Benjamin Nathaniel Smith, the white supremacist identified by police as the drive-by gunman in last weekend's racially motivated shooting spree across two states, bought his guns late last month from an unlicensed dealer after failing a background check initiated by a licensed seller, state and federal authorities said today.
Smith's rampage ended Sunday night with the 21-year-old Indiana University student from Chicago's prosperous North Shore suburbs taking his own life with one of his guns as police tried to arrest him in the southern Illinois town of Salem.
Jerry Singer, a special agent for the federal Bureau of Alcohol, Tobacco and Firearms, said Smith bought a Bryco .380-caliber handgun from an illegal dealer in the Peoria area on June 26, three days after he tried to buy weapons from a licensed dealer in the same area.
Then on June 29--three days before the start of the three-day shooting rampage in Illinois and Indiana that left two men dead and nine others wounded--Smith bought a .22-caliber semiautomatic pistol from the same unlicensed dealer.
Authorities believe the .22-caliber pistol was used in a number of the multiple shootings linked to Smith, including the wounding of six Orthodox Jews walking home from Sabbath prayers in the Rogers Park area of Chicago on Friday night.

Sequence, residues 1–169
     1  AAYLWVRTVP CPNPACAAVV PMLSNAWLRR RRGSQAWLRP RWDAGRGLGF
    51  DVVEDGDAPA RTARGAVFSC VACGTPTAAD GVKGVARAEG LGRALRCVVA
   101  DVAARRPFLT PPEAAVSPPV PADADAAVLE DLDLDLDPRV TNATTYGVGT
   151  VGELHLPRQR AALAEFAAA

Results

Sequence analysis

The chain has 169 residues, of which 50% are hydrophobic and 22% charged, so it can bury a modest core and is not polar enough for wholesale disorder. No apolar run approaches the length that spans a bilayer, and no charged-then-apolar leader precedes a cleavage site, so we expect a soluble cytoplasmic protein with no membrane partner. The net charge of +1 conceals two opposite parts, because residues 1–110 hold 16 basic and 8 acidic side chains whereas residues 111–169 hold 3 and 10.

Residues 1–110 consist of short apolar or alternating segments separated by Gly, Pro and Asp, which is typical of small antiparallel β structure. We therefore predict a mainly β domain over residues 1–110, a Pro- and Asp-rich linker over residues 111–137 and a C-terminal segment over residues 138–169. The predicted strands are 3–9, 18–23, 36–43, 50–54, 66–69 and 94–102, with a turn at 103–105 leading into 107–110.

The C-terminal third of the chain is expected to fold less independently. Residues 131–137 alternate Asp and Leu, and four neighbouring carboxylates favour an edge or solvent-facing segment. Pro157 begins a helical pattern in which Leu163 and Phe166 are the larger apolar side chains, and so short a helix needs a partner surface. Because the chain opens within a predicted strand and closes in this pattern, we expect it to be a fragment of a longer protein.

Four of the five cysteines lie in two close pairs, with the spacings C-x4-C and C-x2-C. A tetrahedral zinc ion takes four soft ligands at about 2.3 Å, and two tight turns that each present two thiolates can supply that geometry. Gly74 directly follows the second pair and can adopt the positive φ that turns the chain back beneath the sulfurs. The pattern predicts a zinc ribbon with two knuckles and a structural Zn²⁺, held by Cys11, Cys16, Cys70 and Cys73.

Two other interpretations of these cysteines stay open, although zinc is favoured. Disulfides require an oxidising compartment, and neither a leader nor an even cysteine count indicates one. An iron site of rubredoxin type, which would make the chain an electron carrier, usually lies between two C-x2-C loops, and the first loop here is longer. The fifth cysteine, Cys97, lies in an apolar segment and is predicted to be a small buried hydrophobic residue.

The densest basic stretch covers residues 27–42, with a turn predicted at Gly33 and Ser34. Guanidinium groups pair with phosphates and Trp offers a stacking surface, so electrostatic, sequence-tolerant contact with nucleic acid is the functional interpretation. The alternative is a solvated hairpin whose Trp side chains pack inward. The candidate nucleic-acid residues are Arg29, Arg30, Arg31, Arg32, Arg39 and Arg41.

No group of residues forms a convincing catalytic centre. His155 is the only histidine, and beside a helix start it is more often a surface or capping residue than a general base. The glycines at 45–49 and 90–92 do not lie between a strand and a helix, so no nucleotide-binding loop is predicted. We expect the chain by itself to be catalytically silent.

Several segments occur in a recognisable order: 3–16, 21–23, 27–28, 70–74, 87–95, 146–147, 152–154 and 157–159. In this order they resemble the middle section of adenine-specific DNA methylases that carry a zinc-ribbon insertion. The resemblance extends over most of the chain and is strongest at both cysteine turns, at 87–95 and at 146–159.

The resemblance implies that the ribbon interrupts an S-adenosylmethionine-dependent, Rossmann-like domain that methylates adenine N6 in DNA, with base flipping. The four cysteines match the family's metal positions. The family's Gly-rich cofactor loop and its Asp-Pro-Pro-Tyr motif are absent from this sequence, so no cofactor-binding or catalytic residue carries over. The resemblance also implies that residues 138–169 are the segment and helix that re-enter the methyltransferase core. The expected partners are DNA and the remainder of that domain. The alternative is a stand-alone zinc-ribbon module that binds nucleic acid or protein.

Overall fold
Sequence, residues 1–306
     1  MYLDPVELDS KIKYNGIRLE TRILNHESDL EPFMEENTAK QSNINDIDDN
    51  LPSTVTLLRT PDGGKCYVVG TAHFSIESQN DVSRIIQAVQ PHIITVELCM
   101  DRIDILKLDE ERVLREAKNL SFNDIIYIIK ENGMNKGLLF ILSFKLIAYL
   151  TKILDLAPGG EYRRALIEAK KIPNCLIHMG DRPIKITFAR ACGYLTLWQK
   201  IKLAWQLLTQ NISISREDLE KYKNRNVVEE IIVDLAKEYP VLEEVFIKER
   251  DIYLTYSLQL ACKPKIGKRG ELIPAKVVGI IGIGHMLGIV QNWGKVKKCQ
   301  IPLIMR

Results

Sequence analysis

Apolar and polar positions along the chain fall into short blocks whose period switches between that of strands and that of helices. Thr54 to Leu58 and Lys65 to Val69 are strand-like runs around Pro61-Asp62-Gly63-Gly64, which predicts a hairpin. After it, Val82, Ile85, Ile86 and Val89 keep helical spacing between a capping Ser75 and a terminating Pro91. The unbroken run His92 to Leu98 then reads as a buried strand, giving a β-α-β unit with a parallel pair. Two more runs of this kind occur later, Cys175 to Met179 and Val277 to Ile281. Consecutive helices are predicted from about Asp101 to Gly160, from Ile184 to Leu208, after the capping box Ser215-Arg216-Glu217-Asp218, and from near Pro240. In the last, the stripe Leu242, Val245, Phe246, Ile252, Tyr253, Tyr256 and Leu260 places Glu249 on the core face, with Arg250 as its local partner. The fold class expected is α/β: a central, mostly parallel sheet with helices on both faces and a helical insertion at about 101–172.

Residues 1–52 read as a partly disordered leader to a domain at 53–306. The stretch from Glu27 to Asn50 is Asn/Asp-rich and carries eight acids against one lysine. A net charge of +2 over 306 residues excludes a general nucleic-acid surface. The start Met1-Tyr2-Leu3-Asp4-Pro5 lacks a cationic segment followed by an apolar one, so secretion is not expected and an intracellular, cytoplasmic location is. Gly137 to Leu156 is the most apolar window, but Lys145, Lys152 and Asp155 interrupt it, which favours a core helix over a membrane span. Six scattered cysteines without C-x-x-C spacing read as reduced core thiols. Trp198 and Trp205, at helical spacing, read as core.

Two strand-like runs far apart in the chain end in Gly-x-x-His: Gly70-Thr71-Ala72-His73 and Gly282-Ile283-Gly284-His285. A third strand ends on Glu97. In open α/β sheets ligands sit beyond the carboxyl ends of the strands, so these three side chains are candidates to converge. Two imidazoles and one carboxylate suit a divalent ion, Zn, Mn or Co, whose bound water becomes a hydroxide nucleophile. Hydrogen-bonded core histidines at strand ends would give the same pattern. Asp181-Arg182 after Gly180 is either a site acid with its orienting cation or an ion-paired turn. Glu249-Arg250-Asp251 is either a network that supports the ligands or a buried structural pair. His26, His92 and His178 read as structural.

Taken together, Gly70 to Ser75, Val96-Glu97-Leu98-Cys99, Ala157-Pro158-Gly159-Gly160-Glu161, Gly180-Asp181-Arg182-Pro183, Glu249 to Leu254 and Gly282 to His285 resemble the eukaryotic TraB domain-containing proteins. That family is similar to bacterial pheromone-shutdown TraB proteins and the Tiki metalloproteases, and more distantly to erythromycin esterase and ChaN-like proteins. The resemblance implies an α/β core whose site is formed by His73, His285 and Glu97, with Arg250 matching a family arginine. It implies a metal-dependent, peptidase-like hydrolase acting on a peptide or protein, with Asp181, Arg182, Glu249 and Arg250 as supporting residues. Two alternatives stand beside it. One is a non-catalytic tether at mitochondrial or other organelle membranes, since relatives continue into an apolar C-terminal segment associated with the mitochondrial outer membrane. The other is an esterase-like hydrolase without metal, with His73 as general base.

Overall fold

On the same night, Ricky Byrdsong, 43, a black former basketball coach at Northwestern University, was shot in the back and killed while walking with two of his children in the suburb of Skokie. On Sunday morning, Won Joon Yoon, 26, an Indiana University graduate student, was shot in the back and killed outside a Korean United Methodist Church in Bloomington, Ind.
In a previously scheduled speech in East St. Louis, Ill., President Clinton said tonight that Smith was "motivated by some blind racial hatred against anybody who didn't happen to be white."
Even as the United States stands up against ethnic hatred in Kosovo and elsewhere, he said, "We've still got work to do here at home. . . . We must search the hearts of our citizens and search the strength of our community. Congress should pass the hate crimes legislation, but we should rid our hearts of hatred, immediately."
Singer declined to identify the illegal dealer, who he said already had been under investigation before Smith made the purchases. He said the dealer's name has been forwarded to the U.S. attorney's office in Springfield, Ill.
Singer said Smith bought his guns from a street dealer. Such vendors are more prevalent than unlicensed dealers who operate at gun shows.
The issue of requiring unlicensed dealers at gun shows to initiate background checks on firearms sales has been contentious in Congress. The House last month defeated gun control legislation that included mandates for such checks after a battle between supporters of the National Rifle Association and gun control advocates. Under current law, unlicensed dealers at gun shows do not have to perform background checks, but licensed dealers, who account for a majority of gun show sales, must initiate checks that take up to three days. The House defeated the new legislation after Rep. John D. Dingell (D-Mich.) offered an amendment that weakened the control system by cutting the time to 24 hours.
Sgt. Michael Ruth, spokesman for the law enforcement task force from Illinois, Indiana and the FBI that is investigating the Smith case, said Smith had attempted to make a legal gun purchase on June 23 at a Peoria Heights gun shop but was turned down after a background check revealed that a former girlfriend of Smith obtained a court protection order two years ago after he allegedly beat her.